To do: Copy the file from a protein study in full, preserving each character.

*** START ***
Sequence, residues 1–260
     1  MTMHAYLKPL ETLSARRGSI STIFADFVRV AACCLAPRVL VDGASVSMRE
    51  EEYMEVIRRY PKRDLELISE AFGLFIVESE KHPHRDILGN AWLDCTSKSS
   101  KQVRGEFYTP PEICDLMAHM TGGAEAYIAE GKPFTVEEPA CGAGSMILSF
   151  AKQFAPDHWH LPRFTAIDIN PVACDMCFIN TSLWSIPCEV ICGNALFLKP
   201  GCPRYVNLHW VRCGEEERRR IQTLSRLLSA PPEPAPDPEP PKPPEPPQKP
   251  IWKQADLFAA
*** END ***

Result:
Sequence, residues 1–260
     1  MTMHAYLKPL ETLSARRGSI STIFADFVRV AACCLAPRVL VDGASVSMRE
    51  EEYMEVIRRY PKRDLELISE AFGLFIVESE KHPHRDILGN AWLDCTSKSS
   101  KQVRGEFYTP PEICDLMAHM TGGAEAYIAE GKPFTVEEPA CGAGSMILSF
   151  AKQFAPDHWH LPRFTAIDIN PVACDMCFIN TSLWSIPCEV ICGNALFLKP
   201  GCPRYVNLHW VRCGEEERRR IQTLSRLLSA PPEPAPDPEP PKPPEPPQKP
   251  IWKQADLFAA